Here is a photo of a cork oak tree taken from my morning’s walk in the countryside of Posadas (Cordova province in Andalusia). The photo’s a bit dark because rain’s expected (at long last, we’re having serious drought here!). You can see the red-brown trunk which has been exposed after the cork has been harvested.
Pigs love to eat the acorns that drop from its boughs:-
To see more photos of the oak trees and the PAINTINGS I do on the cork, you can click here.
The other day I braved the 37° C temperatures (= 98,6 F) to go for a short stroll along the country track that leads out of my home and wends its way past other fincas…
The stony track passes land populated bycork oak trees. They have been stripped of their bark — a process which occurs every seven years. (When the trucks do take the chunks of cork away, some inevitably fall onto the path, so I pick some of them up and use them for painting:-)
The fresh bark underneath is a lovely red oxide.
Flowers of the carrot family and other cousins of these umbelliferous plants stand proud above the baby blue and pale purple scabious.
The dark seed in the centre contrasts with the white flower, almost seeming as if there is an insect poised there.
The grasses that were bluish-green only a couple of weeks ago have already gone to seed as they are now dry and bristly. (Best to wear trousers and not shorts like I did!)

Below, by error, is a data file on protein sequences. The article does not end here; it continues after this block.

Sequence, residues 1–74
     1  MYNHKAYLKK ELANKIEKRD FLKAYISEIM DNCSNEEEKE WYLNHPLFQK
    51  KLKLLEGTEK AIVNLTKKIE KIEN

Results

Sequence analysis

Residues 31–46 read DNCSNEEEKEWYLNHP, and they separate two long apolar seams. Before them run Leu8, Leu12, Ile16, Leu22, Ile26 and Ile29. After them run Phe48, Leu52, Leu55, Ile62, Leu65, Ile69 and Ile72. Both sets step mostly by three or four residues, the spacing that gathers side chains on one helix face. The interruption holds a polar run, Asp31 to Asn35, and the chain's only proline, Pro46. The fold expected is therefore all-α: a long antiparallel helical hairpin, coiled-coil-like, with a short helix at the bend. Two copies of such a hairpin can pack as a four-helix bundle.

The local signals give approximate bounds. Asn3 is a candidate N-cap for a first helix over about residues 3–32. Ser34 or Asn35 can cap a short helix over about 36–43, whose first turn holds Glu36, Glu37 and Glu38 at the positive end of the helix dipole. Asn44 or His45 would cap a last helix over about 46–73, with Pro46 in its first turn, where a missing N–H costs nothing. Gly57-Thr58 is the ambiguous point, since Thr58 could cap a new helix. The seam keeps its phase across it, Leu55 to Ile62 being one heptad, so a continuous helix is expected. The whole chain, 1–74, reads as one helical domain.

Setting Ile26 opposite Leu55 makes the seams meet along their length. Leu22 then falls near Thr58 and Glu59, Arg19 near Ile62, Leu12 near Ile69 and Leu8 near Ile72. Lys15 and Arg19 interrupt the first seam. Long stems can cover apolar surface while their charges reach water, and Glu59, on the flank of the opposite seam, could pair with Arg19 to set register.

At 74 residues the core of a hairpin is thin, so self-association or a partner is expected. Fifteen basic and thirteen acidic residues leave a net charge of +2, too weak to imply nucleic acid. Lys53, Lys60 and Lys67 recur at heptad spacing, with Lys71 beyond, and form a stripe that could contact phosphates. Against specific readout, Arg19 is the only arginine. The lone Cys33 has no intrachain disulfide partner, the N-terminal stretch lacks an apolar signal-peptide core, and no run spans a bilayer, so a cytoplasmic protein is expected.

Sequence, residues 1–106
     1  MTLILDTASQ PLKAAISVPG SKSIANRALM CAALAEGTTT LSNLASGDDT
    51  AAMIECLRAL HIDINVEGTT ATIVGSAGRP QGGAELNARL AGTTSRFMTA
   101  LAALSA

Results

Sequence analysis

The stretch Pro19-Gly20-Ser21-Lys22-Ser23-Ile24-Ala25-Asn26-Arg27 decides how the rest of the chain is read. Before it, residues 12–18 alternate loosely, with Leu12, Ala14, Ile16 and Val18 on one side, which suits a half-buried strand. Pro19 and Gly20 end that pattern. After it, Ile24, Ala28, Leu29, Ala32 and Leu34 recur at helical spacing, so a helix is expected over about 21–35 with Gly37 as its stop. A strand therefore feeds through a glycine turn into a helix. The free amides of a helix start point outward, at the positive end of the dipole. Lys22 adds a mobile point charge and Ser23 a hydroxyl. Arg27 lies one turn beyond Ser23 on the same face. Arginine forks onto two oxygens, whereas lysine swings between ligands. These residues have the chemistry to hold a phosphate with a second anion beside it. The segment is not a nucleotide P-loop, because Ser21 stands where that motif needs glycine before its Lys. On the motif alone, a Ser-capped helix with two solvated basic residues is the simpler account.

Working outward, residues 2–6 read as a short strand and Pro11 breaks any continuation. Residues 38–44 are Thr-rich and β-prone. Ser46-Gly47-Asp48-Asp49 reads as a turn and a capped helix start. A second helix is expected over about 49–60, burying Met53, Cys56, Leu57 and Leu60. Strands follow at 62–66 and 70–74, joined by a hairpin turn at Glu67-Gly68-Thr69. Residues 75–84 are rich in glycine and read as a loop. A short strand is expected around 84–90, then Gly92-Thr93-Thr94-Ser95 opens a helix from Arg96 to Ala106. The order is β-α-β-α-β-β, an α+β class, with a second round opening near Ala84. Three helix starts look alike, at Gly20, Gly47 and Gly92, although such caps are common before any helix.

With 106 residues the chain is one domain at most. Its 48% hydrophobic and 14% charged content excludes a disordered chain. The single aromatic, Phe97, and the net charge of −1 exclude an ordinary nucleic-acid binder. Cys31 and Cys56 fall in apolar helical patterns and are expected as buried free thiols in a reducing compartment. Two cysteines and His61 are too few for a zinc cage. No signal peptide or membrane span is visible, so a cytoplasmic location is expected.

The fragrant myrtle is also in flower. Reminds me of William Blake’s poem In a Myrtle Shade:
Why should I be bound to thee,
O my lovely Myrtle-tree?
Love, free Love, cannot be bound
To any tree that grows on ground…
Some trees have died, but make beautiful, natural sculptures with their twisted, distorted branches and outstretched gnarled fingers.
Cows gaze mutely at me as I pass by…
…simply turning their heads inquiringly.
There is a small, whitewashed cottage where the track bends to the right — it peeps out from behind the majestic cork tree.
Through a clearing between the cork and olive trees and the pistacia bushes, you can just spy the castle of Almodóvar del Río in the distance.